Want to travel the world? Don’t have a trust fund? Need to know how to find a job abroad. Then you are going to need to find a job abroad. Working abroad is the perfect way to travel and experience other cultures, whilst still earning money and building your CV. In this post, I’m going to talk you through some of the best ways to find work abroad.
How to find a job abroad using Search Jobs Abroad
Search Jobs Abroad are one of the best and easiest to use worldwide jobs boards it is also the largest. You can find every kind of job from short-term holiday work, volunteer positions, part-time and full-time jobs. Sign up for their Jobs Bulletins do searches based on your skills or the country you want to go to. You can also submit your CV so potential employers can even find you. The best bit is, it’s completely free to use!
Now I’m still a little unsure of LinkedIn. But I have a profile which I keep up to date and makes sure my current CV is always up on there. I have been contacted by employers and they also have some great jobs boards. So it’s worth spending some time on creating a profile and signing up for their jobs alerts.
Teach English – TEFL Job Search
The number 1 job that most English speakers do abroad is teaching English. There are so many jobs available to qualified English teachers, and some that will employ you even if you aren’t qualified. Although having done my TEFL course and taught English I really wouldn’t recommend taking on a teaching job without any training at all. To get you TEFL is pretty easy, not too expensive and there are some courses you can do 100% online! I personally did a 150 course with 3 days in a classroom with other students.
If you think you want to go down this route then I would highly recommend doing a course with Premier TEFL. The not only have a great range of courses including some blended courses where you study online and in a classroom. But they also have a whole range of internships you can apply for all over the world and their own jobs board where you can search for jobs.
I love Workaway and although you do have to pay a small annual fee to be a member it is worth it as there are so many great opportunities listed. I have met some of my best travel buddies doing work away. Some of my friends have found incredible deals when in exchange for a few hours work a day they have lived in a jungle retreat with 3 meals and day, accommodation and free tours. You may not get paid but if you have some income or savings volunteering with Workaway care really make your money go far. I wrote a whole post on Workaway you can read here.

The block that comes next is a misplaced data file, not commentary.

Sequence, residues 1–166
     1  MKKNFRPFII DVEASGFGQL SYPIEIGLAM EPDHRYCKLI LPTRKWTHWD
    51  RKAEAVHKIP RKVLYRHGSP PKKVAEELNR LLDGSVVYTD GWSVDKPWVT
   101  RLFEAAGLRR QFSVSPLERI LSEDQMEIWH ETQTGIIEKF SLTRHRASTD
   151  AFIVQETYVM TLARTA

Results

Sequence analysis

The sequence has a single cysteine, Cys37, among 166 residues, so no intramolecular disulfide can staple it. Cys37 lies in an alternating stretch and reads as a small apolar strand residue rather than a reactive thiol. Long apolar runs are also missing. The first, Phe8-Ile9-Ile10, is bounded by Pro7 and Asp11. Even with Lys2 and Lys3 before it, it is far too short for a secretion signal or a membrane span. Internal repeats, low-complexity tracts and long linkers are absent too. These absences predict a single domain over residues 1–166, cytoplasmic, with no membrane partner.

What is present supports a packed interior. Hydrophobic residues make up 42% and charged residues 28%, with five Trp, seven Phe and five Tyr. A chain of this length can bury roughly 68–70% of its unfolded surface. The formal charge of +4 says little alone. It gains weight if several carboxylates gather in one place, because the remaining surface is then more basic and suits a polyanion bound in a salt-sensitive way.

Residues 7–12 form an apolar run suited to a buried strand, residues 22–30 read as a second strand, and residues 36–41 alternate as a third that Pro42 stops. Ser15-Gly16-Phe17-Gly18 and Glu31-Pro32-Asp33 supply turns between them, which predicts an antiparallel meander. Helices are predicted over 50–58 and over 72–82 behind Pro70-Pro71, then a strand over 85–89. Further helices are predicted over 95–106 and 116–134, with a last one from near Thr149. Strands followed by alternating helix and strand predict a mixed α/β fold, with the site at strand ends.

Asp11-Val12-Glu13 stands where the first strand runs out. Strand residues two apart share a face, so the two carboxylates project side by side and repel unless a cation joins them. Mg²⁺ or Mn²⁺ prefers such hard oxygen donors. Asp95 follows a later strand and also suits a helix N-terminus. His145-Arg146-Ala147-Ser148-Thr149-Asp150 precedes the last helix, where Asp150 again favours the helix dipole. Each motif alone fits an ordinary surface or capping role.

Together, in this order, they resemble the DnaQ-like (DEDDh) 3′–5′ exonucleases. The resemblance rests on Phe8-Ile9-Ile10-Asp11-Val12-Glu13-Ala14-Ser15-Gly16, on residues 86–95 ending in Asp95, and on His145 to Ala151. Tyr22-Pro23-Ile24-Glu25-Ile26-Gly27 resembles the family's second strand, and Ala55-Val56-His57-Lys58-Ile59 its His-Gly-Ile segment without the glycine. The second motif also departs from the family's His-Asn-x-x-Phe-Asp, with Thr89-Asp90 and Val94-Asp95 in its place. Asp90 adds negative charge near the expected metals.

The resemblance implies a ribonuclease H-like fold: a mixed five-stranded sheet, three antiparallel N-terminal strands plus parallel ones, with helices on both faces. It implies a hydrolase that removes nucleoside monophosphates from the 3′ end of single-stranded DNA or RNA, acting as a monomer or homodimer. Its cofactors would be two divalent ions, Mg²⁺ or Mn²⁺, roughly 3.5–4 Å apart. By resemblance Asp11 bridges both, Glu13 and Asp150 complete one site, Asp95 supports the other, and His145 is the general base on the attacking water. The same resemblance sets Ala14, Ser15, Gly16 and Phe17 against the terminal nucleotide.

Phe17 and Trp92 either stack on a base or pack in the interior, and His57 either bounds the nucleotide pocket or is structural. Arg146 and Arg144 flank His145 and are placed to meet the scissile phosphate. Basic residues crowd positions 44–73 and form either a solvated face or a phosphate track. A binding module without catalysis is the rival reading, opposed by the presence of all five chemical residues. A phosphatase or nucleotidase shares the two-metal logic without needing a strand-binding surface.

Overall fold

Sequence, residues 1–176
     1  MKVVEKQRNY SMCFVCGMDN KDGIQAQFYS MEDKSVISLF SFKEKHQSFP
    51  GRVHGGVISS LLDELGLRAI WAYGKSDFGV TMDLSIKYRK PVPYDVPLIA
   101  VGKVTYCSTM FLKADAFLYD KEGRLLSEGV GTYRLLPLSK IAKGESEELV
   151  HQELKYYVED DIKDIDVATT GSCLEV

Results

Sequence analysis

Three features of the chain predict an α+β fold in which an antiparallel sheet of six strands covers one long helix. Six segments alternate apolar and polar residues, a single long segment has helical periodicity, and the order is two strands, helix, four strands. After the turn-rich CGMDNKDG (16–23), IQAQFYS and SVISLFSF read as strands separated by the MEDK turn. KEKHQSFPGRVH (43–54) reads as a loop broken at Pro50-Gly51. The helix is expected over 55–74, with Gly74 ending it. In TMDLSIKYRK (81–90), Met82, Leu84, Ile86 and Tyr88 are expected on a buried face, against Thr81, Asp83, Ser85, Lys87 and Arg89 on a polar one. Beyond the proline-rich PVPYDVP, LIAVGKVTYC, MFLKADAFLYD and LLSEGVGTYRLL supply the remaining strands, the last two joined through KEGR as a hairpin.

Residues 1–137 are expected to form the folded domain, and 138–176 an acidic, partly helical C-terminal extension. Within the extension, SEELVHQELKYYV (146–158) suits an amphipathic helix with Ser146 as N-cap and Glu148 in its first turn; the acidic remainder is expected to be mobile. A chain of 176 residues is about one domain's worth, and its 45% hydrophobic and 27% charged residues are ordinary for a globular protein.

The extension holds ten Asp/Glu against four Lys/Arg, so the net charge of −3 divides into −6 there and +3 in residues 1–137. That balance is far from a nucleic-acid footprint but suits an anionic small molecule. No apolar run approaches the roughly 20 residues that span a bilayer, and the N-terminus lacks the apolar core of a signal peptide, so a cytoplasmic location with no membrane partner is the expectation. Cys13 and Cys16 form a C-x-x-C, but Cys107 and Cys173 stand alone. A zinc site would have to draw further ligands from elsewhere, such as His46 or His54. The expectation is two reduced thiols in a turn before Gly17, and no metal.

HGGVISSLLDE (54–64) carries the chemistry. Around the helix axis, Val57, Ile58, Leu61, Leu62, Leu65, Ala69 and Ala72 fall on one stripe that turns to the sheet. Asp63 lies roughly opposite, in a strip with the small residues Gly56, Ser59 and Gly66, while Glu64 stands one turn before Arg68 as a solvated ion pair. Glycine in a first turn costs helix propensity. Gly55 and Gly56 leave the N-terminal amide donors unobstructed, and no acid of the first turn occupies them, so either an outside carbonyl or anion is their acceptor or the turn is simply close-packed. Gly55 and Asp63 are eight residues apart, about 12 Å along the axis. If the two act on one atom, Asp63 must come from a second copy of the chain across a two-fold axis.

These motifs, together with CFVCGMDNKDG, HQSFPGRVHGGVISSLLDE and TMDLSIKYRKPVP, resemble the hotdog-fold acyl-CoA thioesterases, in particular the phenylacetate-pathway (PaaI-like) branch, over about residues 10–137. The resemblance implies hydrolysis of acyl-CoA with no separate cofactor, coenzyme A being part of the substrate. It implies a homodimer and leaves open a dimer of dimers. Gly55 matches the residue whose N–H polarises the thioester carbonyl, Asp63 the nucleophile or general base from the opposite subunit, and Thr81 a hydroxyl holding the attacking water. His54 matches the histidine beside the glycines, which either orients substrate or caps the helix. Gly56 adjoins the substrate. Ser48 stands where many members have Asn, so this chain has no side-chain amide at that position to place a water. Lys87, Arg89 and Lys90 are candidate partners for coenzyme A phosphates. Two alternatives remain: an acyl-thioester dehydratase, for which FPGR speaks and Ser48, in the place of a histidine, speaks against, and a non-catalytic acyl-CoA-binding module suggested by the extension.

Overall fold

Adventure Tour Companies
Love the outdoors? Think you would make a good tour guide? Tour companies, especially are always looking for English speaking guides. The best way to find out about opportunities is to stalk the company on Facebook and social media and send them an email with your CV and a covering letter about why you would make a great guide. Companies like OX Expeditions are always looking for guides. Take a look at this video they produced.
If in doubt check Facebook! There are so many groups you can join from TEFL jobs abroad, to Digital Nomad Jobs. Whatever kind of work you are looking for I’m sure you can find a facebook group for it! Just type some keywords in and do a search.
Hit the Streets
If you are already on the road the best way to find a local job is to take a walk around the town, look out for help wanted or volunteer wanted signs outside hostels. Or go in and ask! A lot of companies struggle to find volunteers through schemes like Workaway and they love it when people just show up. This is because when people are backpacking things change all the time. So even though someone will tell them they are arriving on a certain date, they often change their mind and don’t show up at all or show up late. So when someone turns up at their door they will likely snap up your offer to help.
People will also often not make any firm offers until you are physically there. I have recently been trying to find work as a Massage and Reiki practitioner at the next place I’m traveling to. Everyone I have emailed has told me to just come and find them when I get in town and they will see if they have anything.
Learning the Language
One thing to keep in mind is you will likely need to know some of the local languages. In addition, most places ask for a commitment of 1-3 months. This is mostly because they have to take the time to train you up so they prefer it when people stick around for a little bit longer.
Skip looking for a job abroad and find a job that allows you to travel! Some ideas are Cabin Crew for an airline, Tour bus driver (like my brother) or maybe join the circus?
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This post was proofread by Grammarly